Modifying the process of producing biofuels could help reduce tailpipe emissions of nano-particles from vehicles and help improve air quality, a study by The Energy and Resources Institute (TERI) has said.
The findings of the study, conducted by TERI in collaboration with the Finnish Meteorological Institute and Finland's Tampere University, was released on Wednesday at a conference on 'Opportunities with Bio-fuel: Co-benefit of Air Quality Improvement' here.
Tailpipe emissions result from fuel combustion in a vehicle's engine. Emissions of primary concern include hydrocarbons, oxides of nitrogen (NOx), carbon monoxide (CO), air toxics, and CO2. Biofuels include bio-diesel, bio-CNG among others.
The study suggested modifications in India's bio-fuel policy to address the tailpipe emission of nano-particles (particles between 1 and 100 nanometres).
A biofuel is produced through contemporary processes from biomass, rather than a fuel produced by the very slow geological processes involved in the formation of fossil fuels, such as oil.
The National Biofuel Policy helps reduce the tailpipe emissions of particulate matter but it increases the nanoparticle emissions in the atmosphere, a TERI official said, adding that airborne nanoparticles (lesser than 200 nm) from diesel-powered vehicles are more harmful to human health than fine particulates (including PM2.5 and PM10).
"These nanoparticles can cross the blood-air barrier in lungs, and also easily penetrate animal and plant cells, causing unknown long-term effects. At present, there is no regulation in India related to nanoparticle emissions. There is also a scarcity of studies to inform such potential regulations," the organisation said.
The study's findings were shared through a position paper released at the conference which was attended by Ritva Koukku-Ronde, Finland's Ambassador to India, apart from Reji Mathai, General Manager, Indian Oil Corporation Ltd (IOCL) Research and Development Centre, Faridabad, and others.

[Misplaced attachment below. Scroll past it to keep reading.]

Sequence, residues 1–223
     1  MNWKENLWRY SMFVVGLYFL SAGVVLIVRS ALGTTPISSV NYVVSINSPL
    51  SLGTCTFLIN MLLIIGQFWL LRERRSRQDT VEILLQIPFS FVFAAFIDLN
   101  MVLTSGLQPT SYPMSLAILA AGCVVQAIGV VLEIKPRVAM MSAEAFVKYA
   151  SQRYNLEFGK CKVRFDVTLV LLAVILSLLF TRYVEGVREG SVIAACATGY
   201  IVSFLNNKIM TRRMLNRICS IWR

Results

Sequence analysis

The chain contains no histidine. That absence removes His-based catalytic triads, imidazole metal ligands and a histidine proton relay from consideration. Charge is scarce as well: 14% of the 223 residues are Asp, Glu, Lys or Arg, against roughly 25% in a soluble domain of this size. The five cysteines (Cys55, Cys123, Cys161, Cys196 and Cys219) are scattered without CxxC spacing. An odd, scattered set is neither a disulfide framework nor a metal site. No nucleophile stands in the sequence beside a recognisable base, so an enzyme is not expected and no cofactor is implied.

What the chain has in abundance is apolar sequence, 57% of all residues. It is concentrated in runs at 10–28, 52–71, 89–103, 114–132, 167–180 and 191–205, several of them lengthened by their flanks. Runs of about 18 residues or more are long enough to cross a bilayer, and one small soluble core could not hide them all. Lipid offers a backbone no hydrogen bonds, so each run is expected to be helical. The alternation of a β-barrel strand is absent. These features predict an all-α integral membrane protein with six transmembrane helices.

"We felt the issue of nano-particles was not on the focus of scientists and policy makers. Biofuels provide us with energy security and have a huge benefit in air quality, but there are also challenges in the kinds of biofuels that we use," said Ajay Mathur, Director General, TERI.
He said, "We should take the advantage of bringing biofuels in, but do it in a manner that makes sure we do not inject a greater degree of environmental hazard into our lives. This would have technical and policy ramifications.
"Looking at the kind of technical specs we have and the changes in biofuel policy together could help us move ahead in a manner that synergizes benefits and minimizes, or hopefully eliminates, the additional vulnerabilities created."
The number of registered vehicles in India has increased from 54 million in 2001 to 230 million in 2016.
According to TERI, diesel alone meets an estimated 72 per cent of transport fuel demand in India.
"The Government of India has identified biofuel as one of the potential thrust areas to safeguard energy security and reduce dependency on imported crude oil. Studies around the world have reported a reduction in tailpipe emission from diesel vehicles with 20 per cent blended diesel as compared to conventional diesel," it said.
In her address at the event, Ambassador Koukku-Ronde said that Finns enjoy the cleanest air in the world.
She added, "Apart from global warming, cities across the world are struggling with air pollution. According to various studies recently, the impact of air pollution on human health is far more dangerous than previously thought."
"Addressing climate change and air pollution is a huge challenge and a huge opportunity. These problems can only be tackled by working together," she said.
(This story has not been edited by Business Standard staff and is auto-generated from a syndicated feed.)